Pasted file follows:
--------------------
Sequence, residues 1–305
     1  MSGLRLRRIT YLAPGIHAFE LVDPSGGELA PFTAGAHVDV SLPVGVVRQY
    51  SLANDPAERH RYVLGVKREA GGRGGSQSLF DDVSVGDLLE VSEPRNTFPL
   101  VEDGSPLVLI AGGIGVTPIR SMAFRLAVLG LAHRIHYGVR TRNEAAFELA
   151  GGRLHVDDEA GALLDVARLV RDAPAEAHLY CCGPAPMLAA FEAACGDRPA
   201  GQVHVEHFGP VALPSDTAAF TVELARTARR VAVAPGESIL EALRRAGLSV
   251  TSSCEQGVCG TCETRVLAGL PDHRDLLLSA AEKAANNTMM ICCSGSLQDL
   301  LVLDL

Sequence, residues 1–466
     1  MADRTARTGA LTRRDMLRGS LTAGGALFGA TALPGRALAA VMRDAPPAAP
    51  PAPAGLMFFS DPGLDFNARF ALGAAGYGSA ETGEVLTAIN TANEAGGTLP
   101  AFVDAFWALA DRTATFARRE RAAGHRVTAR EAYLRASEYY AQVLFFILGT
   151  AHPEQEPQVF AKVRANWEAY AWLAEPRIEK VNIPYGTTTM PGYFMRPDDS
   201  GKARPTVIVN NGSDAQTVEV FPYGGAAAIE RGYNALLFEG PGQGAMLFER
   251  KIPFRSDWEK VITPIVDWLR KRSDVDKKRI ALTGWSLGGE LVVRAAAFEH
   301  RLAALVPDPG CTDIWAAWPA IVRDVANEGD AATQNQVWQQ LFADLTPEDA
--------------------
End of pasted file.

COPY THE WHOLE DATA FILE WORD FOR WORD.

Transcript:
Sequence, residues 1–305
     1  MSGLRLRRIT YLAPGIHAFE LVDPSGGELA PFTAGAHVDV SLPVGVVRQY
    51  SLANDPAERH RYVLGVKREA GGRGGSQSLF DDVSVGDLLE VSEPRNTFPL
   101  VEDGSPLVLI AGGIGVTPIR SMAFRLAVLG LAHRIHYGVR TRNEAAFELA
   151  GGRLHVDDEA GALLDVARLV RDAPAEAHLY CCGPAPMLAA FEAACGDRPA
   201  GQVHVEHFGP VALPSDTAAF TVELARTARR VAVAPGESIL EALRRAGLSV
   251  TSSCEQGVCG TCETRVLAGL PDHRDLLLSA AEKAANNTMM ICCSGSLQDL
   301  LVLDL

Sequence, residues 1–466
     1  MADRTARTGA LTRRDMLRGS LTAGGALFGA TALPGRALAA VMRDAPPAAP
    51  PAPAGLMFFS DPGLDFNARF ALGAAGYGSA ETGEVLTAIN TANEAGGTLP
   101  AFVDAFWALA DRTATFARRE RAAGHRVTAR EAYLRASEYY AQVLFFILGT
   151  AHPEQEPQVF AKVRANWEAY AWLAEPRIEK VNIPYGTTTM PGYFMRPDDS
   201  GKARPTVIVN NGSDAQTVEV FPYGGAAAIE RGYNALLFEG PGQGAMLFER
   251  KIPFRSDWEK VITPIVDWLR KRSDVDKKRI ALTGWSLGGE LVVRAAAFEH
   301  RLAALVPDPG CTDIWAAWPA IVRDVANEGD AATQNQVWQQ LFADLTPEDA